The Animated Centaurs That Predate Fantasia By Decades

Illustration for article titled The Animated Centaurs That Predate emFantasia/em By Decades

Below the jump is the only remaining fragment of Winsor McCay's 1921 animation The Centaurs. It was produced by Rialto Productions and there's a certain charm to it. Except for the centaur foal at the end, which is just creepy.


From The Public Domain Review entry:

The only surviving fragment of Winsor McCay's now lost The Centaurs, produced in 1921 by Rialto Productions. The animation is notable for it's particular quality of line and movement way ahead of its time (20 years before Disney would reach such heights with Fantasia) and for a strange little moment when one of the centaurs strikes down a bird with a stone for seemingly no reason. McCay is best known today for his Little Nemo in Slumberland comic strip and for creating, arguably, the first true character in animation, Gertie the Dinosaur.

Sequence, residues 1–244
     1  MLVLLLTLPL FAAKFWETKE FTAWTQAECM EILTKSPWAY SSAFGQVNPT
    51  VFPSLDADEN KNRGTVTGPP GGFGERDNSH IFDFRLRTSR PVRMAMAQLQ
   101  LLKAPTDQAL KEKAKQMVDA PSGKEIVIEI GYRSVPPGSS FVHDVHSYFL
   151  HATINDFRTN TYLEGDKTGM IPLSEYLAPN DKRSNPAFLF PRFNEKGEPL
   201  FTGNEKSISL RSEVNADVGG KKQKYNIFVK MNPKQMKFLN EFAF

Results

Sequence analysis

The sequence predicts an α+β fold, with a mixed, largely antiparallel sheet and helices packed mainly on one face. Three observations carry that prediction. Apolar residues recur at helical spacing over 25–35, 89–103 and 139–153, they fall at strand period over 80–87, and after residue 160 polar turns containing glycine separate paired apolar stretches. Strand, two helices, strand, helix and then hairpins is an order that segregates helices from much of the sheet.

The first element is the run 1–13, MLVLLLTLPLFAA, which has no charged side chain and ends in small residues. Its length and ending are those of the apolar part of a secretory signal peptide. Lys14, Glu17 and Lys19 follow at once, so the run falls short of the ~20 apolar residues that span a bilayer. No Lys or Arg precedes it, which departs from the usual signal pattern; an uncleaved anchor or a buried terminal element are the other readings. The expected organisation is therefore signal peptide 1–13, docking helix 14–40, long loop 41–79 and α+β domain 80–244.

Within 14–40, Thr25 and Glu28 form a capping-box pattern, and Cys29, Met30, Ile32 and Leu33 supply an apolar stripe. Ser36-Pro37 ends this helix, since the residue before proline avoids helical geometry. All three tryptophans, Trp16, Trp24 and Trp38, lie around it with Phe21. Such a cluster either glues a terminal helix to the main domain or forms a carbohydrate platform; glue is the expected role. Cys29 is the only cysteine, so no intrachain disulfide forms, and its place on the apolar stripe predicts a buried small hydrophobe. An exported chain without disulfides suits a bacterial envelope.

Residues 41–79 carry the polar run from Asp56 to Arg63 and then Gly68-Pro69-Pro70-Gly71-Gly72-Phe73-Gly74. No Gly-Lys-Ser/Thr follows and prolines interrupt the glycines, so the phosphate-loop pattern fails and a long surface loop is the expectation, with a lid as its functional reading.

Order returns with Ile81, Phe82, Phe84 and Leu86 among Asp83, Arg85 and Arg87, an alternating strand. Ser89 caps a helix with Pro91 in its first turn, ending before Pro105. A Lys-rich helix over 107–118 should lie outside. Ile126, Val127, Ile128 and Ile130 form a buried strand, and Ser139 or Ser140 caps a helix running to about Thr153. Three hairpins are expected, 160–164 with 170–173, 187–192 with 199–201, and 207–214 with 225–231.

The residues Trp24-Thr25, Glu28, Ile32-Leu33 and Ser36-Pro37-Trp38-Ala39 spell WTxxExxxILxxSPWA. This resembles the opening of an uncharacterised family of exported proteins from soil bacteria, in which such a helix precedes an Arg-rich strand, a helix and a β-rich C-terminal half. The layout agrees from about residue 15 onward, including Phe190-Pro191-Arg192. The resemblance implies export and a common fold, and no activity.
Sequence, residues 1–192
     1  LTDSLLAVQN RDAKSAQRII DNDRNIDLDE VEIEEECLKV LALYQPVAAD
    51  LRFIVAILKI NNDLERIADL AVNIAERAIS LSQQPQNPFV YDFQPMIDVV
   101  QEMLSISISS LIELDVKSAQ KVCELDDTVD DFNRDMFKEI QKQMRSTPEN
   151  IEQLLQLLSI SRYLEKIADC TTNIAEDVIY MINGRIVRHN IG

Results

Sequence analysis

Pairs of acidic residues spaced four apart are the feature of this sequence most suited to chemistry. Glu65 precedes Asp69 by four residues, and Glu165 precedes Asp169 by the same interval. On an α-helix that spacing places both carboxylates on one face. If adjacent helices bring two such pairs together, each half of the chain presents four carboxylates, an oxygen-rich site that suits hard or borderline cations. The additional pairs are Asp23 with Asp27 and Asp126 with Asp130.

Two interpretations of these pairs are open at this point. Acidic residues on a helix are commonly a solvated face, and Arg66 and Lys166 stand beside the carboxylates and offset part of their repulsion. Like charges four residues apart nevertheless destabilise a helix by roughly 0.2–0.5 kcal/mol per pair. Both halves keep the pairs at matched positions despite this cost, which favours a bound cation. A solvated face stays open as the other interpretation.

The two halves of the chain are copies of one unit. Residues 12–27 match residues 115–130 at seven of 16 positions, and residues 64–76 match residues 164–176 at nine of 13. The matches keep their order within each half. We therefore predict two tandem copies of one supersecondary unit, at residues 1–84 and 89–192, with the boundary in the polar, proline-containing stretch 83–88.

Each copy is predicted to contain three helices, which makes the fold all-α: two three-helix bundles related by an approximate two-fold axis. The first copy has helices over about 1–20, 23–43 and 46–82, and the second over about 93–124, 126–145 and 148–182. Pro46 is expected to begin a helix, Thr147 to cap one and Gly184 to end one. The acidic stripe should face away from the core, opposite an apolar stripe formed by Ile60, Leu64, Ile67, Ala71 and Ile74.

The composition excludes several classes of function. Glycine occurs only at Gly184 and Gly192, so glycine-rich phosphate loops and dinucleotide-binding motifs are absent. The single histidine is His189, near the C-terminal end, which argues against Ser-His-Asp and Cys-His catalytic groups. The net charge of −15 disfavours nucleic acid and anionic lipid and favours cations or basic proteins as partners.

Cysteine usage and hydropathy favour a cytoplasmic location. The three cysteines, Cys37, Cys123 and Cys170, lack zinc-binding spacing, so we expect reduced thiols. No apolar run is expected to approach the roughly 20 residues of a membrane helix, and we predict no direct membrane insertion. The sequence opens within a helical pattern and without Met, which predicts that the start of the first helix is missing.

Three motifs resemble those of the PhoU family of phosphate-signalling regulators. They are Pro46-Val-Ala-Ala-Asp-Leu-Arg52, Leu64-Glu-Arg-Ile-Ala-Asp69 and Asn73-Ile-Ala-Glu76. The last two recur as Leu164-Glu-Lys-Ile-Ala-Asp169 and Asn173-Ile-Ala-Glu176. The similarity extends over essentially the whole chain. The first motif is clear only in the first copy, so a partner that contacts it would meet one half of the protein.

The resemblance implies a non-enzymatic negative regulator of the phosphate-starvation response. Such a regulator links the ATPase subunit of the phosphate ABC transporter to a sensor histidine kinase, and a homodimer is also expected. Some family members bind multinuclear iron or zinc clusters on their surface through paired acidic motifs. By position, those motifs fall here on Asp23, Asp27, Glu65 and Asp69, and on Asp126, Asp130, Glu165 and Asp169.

Between the baby's face and the casual bird killing, there's something a little unnerving about this piece. Just a bit.

[via Copperbadge]

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that's amazing. And now I realize I've never even thought of what a baby centaur looked like, nor have I seen one depicted before - and it's obvious why. Babytaur is creepy as fuck.

The casual, non-sexual display of nudity is intriguing. Was this meant to be displayed in public? I'm not sure if it was that showing female breasts was acceptable in 1921 (pre Hays Code) or that animation didn't count.